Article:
We spoke with assistant fire chief Brian Schaeffer about zombie preparedness and a few fire crews hanging around Fire Station 1 in downtown Spokane. They shared their thoughts on zombie survival and why they went with the zombie technique.
We ask assistant fire chief Brian Schaeffer, what inspired a zombie news release?
Schaeffer: "The theory or concept behind a zombie metaphor came from the Center of Disease Control and it’s one of their interesting marketing campaign that they use to get people’s attention to think about some of the worst case scenarios and how to plan for those. Their message gets old and tiring.
People nowadays are driven by social media. This is something they can flash on social media and really get some feedback and get people interested, enthused and drawn into the message. I borrowed it from them. We’re using it to grab people and bring them in.
It’s important. Disasters don’t just occur on the coast, but they occur in small towns like Spokane."
How does this help explain your message?
Schaeffer: "We really have to reach that group of people that have that natural interest. We’re trying to tap into the group of people that we’re sworn to protect that don’t necessarily subscribe to the boring press releases.
We need to be able to connect with them, bring them in and force them to read it because they’re interested. It’s proven successful, we’ve been getting hits on our website, Facebook and other social media. It connected with people that I don’t know if we would have necessarily connected with before.
If they can pick up one safety message from our interaction then we’re doing our job and doing our job without a lot of impact to the budget. Because most often the messages I send out, I’m in my pajamas on my couch. They aren’t necessarily in an office in a bureaucratic frame of mind. I’m either traveling to the scene, or I’m on the couch, from my deck. Whatever. It allows you to have a 24 hour presence without having to be in the uniform in the office."
If Spokane is hit with an outbreak, what do you do?
Schaeffer: "Very similar to a volcanic eruption, earthquake or wildlife fire, we have to rely on people being prepared. The list of survival zombie equipment that we suggested that everybody carry, those are truly life saving: a gallon of water for each person in the house, toiletries, special documents. That can be used if you’re under attack by zombies or if we come knocking at your door reporting a wildfire and an ordered evacuation.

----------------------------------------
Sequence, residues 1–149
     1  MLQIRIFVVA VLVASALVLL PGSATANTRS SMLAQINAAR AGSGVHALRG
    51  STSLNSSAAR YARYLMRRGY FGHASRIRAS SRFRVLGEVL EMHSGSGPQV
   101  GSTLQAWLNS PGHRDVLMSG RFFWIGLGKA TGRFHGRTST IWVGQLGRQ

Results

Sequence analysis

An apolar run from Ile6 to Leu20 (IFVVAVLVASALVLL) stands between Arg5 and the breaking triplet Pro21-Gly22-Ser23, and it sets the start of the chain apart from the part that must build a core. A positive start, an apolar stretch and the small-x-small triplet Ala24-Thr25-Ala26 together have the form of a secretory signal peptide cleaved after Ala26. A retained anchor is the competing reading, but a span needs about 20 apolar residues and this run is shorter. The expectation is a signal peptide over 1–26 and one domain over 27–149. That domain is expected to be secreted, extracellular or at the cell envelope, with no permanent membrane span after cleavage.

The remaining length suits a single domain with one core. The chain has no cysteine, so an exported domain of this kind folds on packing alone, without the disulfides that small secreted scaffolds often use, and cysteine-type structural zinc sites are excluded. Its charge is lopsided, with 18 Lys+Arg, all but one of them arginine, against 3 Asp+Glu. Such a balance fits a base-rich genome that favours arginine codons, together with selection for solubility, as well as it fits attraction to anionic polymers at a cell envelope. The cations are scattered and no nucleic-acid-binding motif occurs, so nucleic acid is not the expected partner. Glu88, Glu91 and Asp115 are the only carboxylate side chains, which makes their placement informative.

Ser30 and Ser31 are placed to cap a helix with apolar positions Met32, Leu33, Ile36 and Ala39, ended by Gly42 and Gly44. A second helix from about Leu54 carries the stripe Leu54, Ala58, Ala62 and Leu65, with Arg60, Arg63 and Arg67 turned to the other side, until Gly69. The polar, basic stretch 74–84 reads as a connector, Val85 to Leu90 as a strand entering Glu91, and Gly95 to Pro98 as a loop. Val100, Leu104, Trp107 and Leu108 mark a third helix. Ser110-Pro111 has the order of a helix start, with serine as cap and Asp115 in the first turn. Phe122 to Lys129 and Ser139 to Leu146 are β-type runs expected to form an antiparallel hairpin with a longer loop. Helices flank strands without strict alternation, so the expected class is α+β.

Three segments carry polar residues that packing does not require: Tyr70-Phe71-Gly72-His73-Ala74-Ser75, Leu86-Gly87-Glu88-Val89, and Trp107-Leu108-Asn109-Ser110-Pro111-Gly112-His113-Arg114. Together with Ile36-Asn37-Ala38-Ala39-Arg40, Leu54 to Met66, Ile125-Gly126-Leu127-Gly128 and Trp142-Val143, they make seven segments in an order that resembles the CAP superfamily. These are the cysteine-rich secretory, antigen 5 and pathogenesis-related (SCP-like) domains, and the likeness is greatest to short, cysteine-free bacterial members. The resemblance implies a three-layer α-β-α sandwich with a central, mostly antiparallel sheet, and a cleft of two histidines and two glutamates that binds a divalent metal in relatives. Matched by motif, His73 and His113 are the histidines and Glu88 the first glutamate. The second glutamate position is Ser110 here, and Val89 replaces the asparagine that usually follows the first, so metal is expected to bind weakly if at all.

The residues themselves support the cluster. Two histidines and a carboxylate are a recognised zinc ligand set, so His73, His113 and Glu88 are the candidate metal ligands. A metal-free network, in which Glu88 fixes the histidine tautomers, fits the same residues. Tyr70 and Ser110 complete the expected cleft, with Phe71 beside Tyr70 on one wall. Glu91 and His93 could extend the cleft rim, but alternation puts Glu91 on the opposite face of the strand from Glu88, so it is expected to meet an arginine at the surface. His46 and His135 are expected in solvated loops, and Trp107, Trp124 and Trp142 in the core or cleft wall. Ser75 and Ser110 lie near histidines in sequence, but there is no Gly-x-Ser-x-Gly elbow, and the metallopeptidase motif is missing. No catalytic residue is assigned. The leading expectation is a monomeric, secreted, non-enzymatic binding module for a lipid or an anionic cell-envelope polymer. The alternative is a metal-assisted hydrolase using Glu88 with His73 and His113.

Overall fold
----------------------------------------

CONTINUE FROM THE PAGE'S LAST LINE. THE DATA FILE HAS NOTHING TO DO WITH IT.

All that equipment and information should be ready to go. You should be able to leave your house immediately and go somewhere much safer."
How long can these supplies last?
Schaeffer: "At least 48 hours. That’s our goal that everyone is prepared to continue because zombie attacks can last a long time. It could be eternity. You have to be prepared."
We ask deputy fire marshal Brett Hatcher, how can firefighters fend against zombies?
Hatcher: "We use universal precautions. We’re going to have rubber gloves on. Galoshes. Anything to keep ourselves from being exposed.
People would have a tough time rolling a fire truck... I think we’d be okay."
We ask deputy fire chief Bob Hanna, in worst case scenario, what’s your job to protect people?
Hanna: "In certain instances, we have pre-plans on how we would handle an incident.
For the unforeseen incidents like zombies, we could gather senior staff. If it’s wide-spread we would go to our incident management team with the county and we would get together and start addressing the issues.
We start researching and try to find out what is involved or what’s happening or where it’s going to be. If it’s concentrated here or there, we’ll send resources to deal with what needs to be dealt with at that site. If it’s a moving target then we try to figure out where that’s going to be moving to.
We try to manage resources and if there’s certain things, zombie land and you need a stake or silver bullet, we’ll try to team up with local law enforcement."